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There's Something about Larry Why NBA teams look to Larry Brown for salvation

The Detroit Pistons took a p.r. hit last week for firing Rick
Carlisle, who won 50 games in each of the last two seasons with a
franchise that had averaged 34 in the previous three and who took
his team to the 2003 Eastern Conference finals. The fallout would
have been worse if the decision hadn't been made by respected
general manager Joe Dumars, and if he wasn't replacing Carlisle
with Larry Brown, the NBA's Obi-Wan Kenobi. Last week Brown
agreed to a five-year, $25 million deal with Detroit.

In the NBA if you can get Brown, you drop your coach faster than
first-period trig--even if he's a former coach of the year like
Carlisle. As of Monday seven teams were in the market for a
coach, even after Brown joined Detroit and Paul Silas signed with
Cleveland. But the most extraordinary aspect of this coaching
churn is that an overtraveled 62-year-old remains the one to whom
everyone turns. Brown's announcement that he was quitting the
76ers after six seasons (the longest he's stayed with any of his
six NBA teams) triggered Pavlovian salivation around the league.
Had Brown not become available, Carlisle would positively not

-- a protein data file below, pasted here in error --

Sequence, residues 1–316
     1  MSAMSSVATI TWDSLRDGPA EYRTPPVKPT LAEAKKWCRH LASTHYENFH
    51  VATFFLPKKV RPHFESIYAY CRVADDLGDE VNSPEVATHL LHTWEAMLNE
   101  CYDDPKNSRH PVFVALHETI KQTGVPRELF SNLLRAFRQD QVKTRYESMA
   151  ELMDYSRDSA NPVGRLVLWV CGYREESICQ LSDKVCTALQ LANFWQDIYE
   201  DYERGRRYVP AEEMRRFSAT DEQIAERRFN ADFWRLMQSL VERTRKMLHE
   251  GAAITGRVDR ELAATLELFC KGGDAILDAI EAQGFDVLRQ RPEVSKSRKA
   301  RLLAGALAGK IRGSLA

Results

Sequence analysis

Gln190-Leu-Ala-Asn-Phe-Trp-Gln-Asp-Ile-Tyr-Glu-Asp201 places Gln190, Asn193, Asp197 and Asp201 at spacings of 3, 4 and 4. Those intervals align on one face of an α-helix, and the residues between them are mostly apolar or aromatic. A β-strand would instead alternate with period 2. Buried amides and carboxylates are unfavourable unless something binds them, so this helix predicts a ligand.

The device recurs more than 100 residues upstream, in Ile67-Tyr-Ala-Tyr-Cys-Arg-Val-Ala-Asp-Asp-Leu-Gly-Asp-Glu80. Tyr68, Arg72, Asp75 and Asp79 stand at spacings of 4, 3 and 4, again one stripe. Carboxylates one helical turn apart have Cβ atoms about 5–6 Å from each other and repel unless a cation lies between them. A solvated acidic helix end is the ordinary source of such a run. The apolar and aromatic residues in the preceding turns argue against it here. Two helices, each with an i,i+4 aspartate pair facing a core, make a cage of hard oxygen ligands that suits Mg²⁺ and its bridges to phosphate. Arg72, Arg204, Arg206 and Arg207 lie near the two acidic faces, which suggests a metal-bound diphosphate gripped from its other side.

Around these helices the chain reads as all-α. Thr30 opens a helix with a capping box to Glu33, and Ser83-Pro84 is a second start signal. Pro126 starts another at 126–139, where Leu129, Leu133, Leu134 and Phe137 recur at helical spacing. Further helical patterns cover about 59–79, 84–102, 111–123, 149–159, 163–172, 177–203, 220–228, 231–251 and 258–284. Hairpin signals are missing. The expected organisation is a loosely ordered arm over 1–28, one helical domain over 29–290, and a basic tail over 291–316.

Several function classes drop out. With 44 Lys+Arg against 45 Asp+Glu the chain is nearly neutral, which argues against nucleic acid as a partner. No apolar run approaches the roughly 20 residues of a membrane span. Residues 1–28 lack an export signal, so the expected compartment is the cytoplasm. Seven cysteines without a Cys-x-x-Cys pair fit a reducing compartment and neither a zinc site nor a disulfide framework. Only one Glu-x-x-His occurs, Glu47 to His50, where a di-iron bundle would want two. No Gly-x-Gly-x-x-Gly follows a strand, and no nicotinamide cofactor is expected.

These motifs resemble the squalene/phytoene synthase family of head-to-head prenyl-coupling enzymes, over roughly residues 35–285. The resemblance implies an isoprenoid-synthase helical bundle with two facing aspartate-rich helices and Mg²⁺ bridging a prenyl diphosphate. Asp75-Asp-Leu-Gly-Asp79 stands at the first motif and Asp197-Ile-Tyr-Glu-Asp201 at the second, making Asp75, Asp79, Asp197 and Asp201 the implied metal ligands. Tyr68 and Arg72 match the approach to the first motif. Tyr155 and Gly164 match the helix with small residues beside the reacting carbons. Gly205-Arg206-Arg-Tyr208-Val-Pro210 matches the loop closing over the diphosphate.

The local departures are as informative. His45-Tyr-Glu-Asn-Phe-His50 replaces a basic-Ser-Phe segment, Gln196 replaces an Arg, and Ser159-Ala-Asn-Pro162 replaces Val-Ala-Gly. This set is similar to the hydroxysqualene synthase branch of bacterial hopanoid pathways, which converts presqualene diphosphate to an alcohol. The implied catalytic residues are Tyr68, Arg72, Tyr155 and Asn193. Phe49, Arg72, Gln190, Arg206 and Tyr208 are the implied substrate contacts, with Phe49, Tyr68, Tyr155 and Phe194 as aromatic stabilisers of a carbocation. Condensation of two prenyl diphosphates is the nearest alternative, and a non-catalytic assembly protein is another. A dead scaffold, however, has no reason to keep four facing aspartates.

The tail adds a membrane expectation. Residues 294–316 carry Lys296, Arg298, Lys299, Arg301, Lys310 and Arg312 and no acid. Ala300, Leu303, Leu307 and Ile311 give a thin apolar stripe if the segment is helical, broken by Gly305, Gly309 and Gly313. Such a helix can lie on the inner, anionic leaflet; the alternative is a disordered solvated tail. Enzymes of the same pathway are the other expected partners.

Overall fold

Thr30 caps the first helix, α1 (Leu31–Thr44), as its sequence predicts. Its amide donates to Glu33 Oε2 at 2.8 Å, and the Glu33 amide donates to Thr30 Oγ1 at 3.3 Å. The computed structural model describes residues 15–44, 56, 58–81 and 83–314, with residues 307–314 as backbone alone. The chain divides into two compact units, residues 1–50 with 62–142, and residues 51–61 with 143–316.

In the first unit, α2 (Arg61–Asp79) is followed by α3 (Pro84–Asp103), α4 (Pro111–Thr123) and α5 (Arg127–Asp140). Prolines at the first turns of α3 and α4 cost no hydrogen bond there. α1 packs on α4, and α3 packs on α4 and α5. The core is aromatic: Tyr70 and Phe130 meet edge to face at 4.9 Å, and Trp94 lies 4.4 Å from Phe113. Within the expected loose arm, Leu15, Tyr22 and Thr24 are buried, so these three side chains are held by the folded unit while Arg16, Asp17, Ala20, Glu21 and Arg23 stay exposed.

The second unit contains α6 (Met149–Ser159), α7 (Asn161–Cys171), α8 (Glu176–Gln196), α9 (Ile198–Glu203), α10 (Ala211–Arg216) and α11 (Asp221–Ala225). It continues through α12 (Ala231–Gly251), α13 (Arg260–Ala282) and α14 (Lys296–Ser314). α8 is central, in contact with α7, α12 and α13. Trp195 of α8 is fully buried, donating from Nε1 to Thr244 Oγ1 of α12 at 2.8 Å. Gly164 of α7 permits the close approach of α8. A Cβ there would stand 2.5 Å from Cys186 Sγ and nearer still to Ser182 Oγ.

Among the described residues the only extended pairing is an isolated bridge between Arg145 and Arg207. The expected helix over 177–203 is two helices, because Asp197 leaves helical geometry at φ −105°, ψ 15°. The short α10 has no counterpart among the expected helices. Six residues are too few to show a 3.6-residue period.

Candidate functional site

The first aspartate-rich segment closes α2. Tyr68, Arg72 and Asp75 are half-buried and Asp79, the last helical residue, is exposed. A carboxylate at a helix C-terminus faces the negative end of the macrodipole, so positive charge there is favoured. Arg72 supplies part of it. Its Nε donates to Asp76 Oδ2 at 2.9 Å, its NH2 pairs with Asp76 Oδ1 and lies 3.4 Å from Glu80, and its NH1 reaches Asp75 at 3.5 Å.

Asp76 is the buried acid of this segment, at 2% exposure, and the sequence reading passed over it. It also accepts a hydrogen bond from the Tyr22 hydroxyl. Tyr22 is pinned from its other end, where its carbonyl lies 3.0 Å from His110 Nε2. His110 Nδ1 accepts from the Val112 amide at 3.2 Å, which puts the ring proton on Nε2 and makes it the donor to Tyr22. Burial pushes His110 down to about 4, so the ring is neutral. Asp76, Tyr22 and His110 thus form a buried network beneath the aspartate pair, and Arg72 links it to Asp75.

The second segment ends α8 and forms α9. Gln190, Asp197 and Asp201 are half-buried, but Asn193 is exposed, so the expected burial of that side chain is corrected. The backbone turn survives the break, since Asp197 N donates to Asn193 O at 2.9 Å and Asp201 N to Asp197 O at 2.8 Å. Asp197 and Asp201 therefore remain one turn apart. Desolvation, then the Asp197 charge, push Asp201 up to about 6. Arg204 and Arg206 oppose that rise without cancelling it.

have been fired. Why do so many teams see Brown in their future?
Three reasons.

--Though the NBA is a players' league, execs cling to the idea
that players can be taught, and Brown is rightly considered the
ultimate teacher. Phil Jackson is a psychologist who gets guys to
buy into his system; Brown teaches skills. Even Allen Iverson
listened and learned...sort of.

--Brown is the league's best bench coach--drawing up plays on the
fly, managing the clock, exploiting matchups--in the final two
minutes. Rivals who grumble that he hasn't won a championship
(his lone trip to the Finals was in 2001, when Philly lost in
five to the Lakers) concede that they hate to see him with
clipboard in hand.

--Though he's a bit of a tortured soul on the sideline, a man who
needs his own greatness reaffirmed, Brown generally gets along
with those around him. Had another coach been in the Sixers'
cauldron for the last six years, there would've been much less
harmony. By contrast, insiders say Carlisle antagonized players
(by dishing out uneven playing time), upper management (by not
giving youngsters such as Tayshaun Prince and Mehmet Okur
sufficient opportunity) and employees (by rude put-downs).

Still, Detroit is less happy to be rid of Carlisle than it is
rapturous to have Brown. The challenge is formidable, though, for
this master fixer-upper is now being asked to save a franchise
that to a large extent has already been saved.